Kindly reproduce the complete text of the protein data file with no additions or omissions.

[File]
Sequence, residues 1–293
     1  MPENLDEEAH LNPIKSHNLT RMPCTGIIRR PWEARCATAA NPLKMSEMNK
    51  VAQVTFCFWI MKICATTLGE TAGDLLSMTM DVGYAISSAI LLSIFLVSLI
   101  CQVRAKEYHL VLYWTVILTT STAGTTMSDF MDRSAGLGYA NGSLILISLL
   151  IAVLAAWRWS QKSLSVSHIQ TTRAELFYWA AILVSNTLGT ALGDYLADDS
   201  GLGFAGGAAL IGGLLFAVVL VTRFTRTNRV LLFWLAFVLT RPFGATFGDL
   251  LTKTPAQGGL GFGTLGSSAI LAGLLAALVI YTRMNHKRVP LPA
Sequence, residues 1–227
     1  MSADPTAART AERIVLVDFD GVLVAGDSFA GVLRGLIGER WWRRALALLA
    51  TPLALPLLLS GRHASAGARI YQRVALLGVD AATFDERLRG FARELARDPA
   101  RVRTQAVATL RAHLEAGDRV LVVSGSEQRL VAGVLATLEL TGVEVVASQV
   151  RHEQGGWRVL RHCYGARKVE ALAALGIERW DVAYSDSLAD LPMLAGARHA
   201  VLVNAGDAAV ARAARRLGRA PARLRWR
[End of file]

Sequence, residues 1–293
     1  MPENLDEEAH LNPIKSHNLT RMPCTGIIRR PWEARCATAA NPLKMSEMNK
    51  VAQVTFCFWI MKICATTLGE TAGDLLSMTM DVGYAISSAI LLSIFLVSLI
   101  CQVRAKEYHL VLYWTVILTT STAGTTMSDF MDRSAGLGYA NGSLILISLL
   151  IAVLAAWRWS QKSLSVSHIQ TTRAELFYWA AILVSNTLGT ALGDYLADDS
   201  GLGFAGGAAL IGGLLFAVVL VTRFTRTNRV LLFWLAFVLT RPFGATFGDL
   251  LTKTPAQGGL GFGTLGSSAI LAGLLAALVI YTRMNHKRVP LPA
Sequence, residues 1–227
     1  MSADPTAART AERIVLVDFD GVLVAGDSFA GVLRGLIGER WWRRALALLA
    51  TPLALPLLLS GRHASAGARI YQRVALLGVD AATFDERLRG FARELARDPA
   101  RVRTQAVATL RAHLEAGDRV LVVSGSEQRL VAGVLATLEL TGVEVVASQV
   151  RHEQGGWRVL RHCYGARKVE ALAALGIERW DVAYSDSLAD LPMLAGARHA
   201  VLVNAGDAAV ARAARRLGRA PARLRWR